‘They Have Mustered Out Some Few’

May 27, 1865 (Sunday) The mustering out of soldiers began almost immediately following the Grand Review. Some left as early as the 25th. For others, like sixteen year old Samuel Bassitt, who had volunteered the year previous. He had marched with Sherman’s army through Georgia and the Carolinas, but in early April, he came downRead More

The Second and Last Day of the Great Pageant – The Grand Review of Sherman’s Armies

May 24, 1865 (Thursday) As with the day previous, below you’ll find text pulled from the New York Times describing the second day of the Grand Review. It is accompanied by photographs taken mostly by Matthew Brady. The men who marched from the Ohio to the Tennessee under BUELL, only to march back again; whoRead More

Johnston Finally Able to Surrender His Army

April 26, 1865 (Wednesday) General Sherman had apparently overstepped his bounds, wishing to treat with the entire Confederacy rather than simply Joe Johnston’s army. In his mind, he wanted to wrap the entire war up in one fell swoop and thought that the capitulation of all the remaining Rebel forces, as well as the reestablishmentRead More

Sherman’s Terms Rejected by Washington

April 21, 1865 (Friday) It was all going so well for General Sherman. He had convinced Confederate General Joe Johnston to capitulate, and drew up terms for the surrender of the Army of Tennessee. True, many of the objects touched upon in the terms were beyond the reach of the military, but Sherman was certainRead More

Sherman and Johnston Discuss Terms

April 18, 1865 (Tuesday) William Tecumseh Sherman had left City Point in the Richmond area, where he was visiting with General Grant, at the end of the month previous. While Grant pursued Lee’s retreating army, Sherman reorganized and readied his own in Goldsboro, North Carolina to move not against Joe Johnston’s Army of Tennessee atRead More

Lincoln: Let them Surrender and Go Home

March 28, 1865 (Tuesday) Gathered in the steamer River Queen were President Lincoln, Generals Grant and Sherman, as well as Admiral Porter. This council of war permitted no onlookers, though all but Lincoln wrote of the meeting after the war. Admiral Porter may have been the only one to take notes. The conversation, according toRead More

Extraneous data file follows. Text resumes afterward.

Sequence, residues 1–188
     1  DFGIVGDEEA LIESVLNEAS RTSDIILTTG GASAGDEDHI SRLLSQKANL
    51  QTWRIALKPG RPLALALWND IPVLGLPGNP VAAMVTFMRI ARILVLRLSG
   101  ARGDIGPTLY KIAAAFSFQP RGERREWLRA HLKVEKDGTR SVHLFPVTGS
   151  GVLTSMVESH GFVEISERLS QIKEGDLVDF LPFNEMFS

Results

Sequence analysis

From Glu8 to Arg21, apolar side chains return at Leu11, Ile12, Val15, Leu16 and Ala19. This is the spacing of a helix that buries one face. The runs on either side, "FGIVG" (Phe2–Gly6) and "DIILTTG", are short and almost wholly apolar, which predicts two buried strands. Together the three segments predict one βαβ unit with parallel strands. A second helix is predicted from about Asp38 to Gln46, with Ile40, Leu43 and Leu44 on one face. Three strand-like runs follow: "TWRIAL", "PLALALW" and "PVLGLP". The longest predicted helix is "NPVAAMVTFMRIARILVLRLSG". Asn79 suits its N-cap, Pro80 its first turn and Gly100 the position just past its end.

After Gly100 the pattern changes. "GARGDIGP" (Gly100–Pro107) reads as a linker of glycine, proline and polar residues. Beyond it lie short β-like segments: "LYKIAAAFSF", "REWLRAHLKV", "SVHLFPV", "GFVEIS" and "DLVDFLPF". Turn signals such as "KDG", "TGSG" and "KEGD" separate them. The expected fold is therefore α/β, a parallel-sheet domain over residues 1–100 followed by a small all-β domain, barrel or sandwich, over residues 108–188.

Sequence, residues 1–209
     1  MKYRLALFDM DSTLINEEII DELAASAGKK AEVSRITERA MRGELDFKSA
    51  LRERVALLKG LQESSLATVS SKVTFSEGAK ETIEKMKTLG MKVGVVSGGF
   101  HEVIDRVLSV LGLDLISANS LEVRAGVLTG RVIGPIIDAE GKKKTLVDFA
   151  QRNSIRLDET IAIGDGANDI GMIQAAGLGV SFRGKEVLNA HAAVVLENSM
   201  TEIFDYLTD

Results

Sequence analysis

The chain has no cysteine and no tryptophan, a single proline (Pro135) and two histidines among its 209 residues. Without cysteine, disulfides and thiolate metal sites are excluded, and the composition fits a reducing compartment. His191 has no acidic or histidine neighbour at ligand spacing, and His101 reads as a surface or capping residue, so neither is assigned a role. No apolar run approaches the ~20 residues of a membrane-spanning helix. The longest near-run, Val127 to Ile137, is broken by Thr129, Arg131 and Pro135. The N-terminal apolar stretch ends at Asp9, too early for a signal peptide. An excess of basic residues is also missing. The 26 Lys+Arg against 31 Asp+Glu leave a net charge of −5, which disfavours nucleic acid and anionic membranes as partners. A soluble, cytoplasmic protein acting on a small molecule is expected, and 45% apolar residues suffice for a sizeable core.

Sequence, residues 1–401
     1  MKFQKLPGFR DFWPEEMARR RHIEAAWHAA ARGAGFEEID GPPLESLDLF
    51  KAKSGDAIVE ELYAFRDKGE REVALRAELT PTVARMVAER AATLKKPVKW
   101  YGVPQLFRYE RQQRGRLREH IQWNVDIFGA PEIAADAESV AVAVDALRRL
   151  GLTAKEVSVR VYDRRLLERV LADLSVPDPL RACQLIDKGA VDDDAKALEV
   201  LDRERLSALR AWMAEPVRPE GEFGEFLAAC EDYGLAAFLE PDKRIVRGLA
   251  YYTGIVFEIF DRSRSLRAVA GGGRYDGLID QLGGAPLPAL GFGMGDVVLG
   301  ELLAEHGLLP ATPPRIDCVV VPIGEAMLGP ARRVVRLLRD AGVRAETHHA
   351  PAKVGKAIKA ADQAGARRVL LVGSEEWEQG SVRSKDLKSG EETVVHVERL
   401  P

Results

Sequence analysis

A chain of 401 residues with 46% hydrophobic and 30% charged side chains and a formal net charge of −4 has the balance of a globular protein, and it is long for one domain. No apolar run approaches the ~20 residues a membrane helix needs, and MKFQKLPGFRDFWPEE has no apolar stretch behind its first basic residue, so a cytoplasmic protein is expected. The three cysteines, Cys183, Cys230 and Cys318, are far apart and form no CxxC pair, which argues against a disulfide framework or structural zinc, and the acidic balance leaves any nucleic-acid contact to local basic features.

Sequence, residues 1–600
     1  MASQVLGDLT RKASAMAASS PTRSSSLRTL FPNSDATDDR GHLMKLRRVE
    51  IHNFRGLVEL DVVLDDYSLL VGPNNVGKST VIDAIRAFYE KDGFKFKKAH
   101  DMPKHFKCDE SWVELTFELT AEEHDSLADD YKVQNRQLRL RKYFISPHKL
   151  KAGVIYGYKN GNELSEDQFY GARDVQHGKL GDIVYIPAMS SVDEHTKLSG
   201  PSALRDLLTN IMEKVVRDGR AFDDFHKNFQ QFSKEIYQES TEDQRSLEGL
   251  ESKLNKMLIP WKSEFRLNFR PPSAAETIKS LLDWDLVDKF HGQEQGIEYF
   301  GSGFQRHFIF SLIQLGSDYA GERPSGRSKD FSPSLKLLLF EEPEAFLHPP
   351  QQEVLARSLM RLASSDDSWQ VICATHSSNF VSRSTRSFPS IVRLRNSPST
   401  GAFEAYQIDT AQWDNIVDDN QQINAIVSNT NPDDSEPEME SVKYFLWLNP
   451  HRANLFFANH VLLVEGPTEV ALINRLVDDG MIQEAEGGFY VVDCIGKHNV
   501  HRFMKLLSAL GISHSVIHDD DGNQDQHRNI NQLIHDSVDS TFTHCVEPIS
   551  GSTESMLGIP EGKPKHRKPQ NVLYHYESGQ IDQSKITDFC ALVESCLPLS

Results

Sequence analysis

Sherman’s Lovely Little Visit with Grant and Lincoln

March 27, 1865 (Monday) While the Confederates struggled to figure out just how to escape from Petersburg, across the lines, General Grant had received word that General Sherman was about to visit. That afternoon, the two were reunited. “Their encounter was more like that of two school-boys coming together after a vacation than the meetingRead More

‘I Fear Now It Will Be Impossible’ – Lee With Nowhere to Turn

March 26, 1865 (Sunday) With the utter failure of the assault upon Fort Stedmen the day previous, General Robert E. Lee had now to consider what was best for his army. But first, he had to explain to President Jefferson Davis why he took the risk of an assault, and why it failed. “I haveRead More

‘I Can Do No More Than Annoy Him’ – Johnston Must Give Up

March 23, 1865 (Thursday) Following the Battle of Bentonville, Joseph Johnston, commanding the Confederate forces, retreated across Mill Creek, into and through the town. Taking up positions a couple of miles beyond the crossing, Jo Wheeler’s cavalry held the bridge until the Federals came near to crossing. By that evening, Johnston’s army was near Smithfield.Read More

Sherman’s Mistake at Bentonville

March 21, 1865 (Tuesday) “The next day,” wrote General Sherman, “it began to rain again, and we remained quiet till about noon.” Sherman had placed Francis Blair’s Seventeenth Corps on the right, with Joseph Mower’s division holding the flank near Mill Creek. In his report, General Mower wrote: Learning that a road. leading from theRead More